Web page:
A GROWING NUMBER of African-Americans--especially women--are being diagnosed with the gastrointestinal disorder known as irritable bowel syndrome (IBS).
Doctors say about 15 percent of African-American women who complain of abdominal pain have been diagnosed with the disease, which is characterized by severe cramping and diarrhea, or bloating and constipation. Overall IBS affects up to 20 percent of the population, according to the International Foundation for Functional Gastrointestinal Disorders.
In response to the growing number of sufferers, new treatments have emerged, and are meant to supplement, not replace fiber therapy, doctors say. One is called Zelnorm, which helps with constipation. (Some studies show that it works better on women than men and it is unclear why.) The second is called Lotronex, which treats diarrhea. The new medications help nerve endings in the intestines communicate better with the brain and the brain with the intestines. In the past, doctors relied on fiber therapy and muscle relaxants to treat the disease, but found that approach wasn't effective enough.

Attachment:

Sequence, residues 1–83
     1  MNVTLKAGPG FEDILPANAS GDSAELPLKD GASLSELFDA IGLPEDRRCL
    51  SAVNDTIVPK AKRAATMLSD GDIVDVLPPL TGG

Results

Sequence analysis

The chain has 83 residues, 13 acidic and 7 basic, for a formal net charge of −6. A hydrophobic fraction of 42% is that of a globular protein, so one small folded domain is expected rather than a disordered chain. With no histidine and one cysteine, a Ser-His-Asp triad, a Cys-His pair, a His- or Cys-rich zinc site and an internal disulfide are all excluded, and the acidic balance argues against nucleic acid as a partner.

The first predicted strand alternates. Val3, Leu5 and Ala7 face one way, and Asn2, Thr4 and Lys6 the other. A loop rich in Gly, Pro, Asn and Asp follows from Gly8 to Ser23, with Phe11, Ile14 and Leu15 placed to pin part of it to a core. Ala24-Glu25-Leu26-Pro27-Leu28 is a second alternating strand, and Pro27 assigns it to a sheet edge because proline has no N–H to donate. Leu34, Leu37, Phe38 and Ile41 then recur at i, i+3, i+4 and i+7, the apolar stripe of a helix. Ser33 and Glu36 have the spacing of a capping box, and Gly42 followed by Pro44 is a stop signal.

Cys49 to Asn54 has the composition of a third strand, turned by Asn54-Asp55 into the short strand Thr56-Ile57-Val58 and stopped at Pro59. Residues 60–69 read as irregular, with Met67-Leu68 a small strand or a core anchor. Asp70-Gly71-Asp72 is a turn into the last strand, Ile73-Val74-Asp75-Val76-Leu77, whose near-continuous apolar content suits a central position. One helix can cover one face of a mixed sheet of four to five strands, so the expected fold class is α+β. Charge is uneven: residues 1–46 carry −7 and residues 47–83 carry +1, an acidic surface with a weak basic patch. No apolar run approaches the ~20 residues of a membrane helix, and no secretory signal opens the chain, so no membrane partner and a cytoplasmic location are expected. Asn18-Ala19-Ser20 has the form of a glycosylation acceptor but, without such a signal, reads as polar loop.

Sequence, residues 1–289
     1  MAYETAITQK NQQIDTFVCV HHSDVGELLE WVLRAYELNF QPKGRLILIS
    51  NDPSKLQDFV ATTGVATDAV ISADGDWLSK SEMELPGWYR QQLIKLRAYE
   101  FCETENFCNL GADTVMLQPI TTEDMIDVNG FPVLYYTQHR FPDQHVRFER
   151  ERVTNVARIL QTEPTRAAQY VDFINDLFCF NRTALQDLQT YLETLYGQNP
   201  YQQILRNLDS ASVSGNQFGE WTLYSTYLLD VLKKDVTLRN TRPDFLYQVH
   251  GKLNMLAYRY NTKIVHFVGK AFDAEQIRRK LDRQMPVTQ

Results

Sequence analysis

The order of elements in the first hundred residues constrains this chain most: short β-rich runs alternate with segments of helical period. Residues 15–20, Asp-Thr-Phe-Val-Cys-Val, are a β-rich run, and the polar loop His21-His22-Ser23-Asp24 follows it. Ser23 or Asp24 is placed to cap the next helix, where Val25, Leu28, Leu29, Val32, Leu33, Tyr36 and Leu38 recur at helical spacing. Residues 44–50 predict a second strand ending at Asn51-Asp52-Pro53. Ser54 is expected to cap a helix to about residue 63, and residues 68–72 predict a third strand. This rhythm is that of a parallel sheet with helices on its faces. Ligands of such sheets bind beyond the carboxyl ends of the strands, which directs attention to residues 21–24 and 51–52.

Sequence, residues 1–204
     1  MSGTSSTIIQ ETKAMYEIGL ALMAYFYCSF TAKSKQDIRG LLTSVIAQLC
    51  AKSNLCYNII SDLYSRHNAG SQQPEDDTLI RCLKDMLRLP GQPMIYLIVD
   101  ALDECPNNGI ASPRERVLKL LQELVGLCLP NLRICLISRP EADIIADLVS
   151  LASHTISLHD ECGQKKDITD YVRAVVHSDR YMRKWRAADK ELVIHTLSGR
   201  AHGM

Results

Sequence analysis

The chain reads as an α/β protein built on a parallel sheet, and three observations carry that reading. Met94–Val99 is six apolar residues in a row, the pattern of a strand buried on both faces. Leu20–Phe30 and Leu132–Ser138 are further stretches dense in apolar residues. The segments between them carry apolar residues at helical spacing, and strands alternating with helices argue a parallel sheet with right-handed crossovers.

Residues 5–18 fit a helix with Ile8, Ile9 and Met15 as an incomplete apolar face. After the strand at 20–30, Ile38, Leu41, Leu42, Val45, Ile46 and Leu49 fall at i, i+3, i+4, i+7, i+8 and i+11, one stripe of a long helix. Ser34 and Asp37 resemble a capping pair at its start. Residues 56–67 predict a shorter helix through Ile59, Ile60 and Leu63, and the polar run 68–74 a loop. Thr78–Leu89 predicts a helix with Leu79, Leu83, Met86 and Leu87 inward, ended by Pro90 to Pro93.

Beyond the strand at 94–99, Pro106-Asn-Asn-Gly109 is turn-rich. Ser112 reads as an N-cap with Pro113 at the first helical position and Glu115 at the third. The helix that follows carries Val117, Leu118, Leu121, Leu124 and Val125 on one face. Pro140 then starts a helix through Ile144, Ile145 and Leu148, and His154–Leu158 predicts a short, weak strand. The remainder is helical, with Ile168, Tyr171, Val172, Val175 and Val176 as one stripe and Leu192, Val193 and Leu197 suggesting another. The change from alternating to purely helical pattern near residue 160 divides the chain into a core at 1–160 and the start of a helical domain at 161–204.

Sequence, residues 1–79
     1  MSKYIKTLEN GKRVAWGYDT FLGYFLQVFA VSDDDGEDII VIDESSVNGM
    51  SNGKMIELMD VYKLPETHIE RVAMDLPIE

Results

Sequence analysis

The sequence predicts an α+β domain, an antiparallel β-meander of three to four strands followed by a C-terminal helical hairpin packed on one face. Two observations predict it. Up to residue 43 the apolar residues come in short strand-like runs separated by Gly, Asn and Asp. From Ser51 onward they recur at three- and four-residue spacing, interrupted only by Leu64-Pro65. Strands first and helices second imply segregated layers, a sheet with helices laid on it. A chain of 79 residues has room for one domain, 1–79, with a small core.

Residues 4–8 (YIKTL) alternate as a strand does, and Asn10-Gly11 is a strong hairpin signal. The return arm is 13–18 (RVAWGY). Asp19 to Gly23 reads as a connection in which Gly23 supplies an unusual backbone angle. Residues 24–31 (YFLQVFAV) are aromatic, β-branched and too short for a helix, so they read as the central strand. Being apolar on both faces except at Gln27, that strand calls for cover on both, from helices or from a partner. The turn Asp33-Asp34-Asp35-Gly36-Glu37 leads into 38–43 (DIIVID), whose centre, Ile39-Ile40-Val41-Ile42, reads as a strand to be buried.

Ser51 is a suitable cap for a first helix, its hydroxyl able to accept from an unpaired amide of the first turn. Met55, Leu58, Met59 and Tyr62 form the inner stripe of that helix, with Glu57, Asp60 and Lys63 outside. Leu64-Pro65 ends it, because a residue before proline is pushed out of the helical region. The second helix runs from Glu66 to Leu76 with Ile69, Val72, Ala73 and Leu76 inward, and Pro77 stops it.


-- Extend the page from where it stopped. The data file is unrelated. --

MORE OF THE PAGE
The cause of IBS is unclear, but some doctors see a link between the disease and stress, poor eating habits and obesity. The disease is not associated with other serious GI ailments, such as inflammatory bowel disease (Crohn's disease or ulcerative colitis), or colon cancer, according to the American College of Gastroenterology.
Diagnosing IBS can be tricky. Specialists tend to make a diagnosis based on symptoms and, among other things, tests such as an endoscopy, medical history and blood tests. Many specialists require patients to have IBS symptoms for at least three months over the previous year before making a diagnosis. But once diagnosed, the prognosis is good. Experts say that patients should not worry about it leading to other serious illnesses.
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COPYRIGHT 2005 Gale Group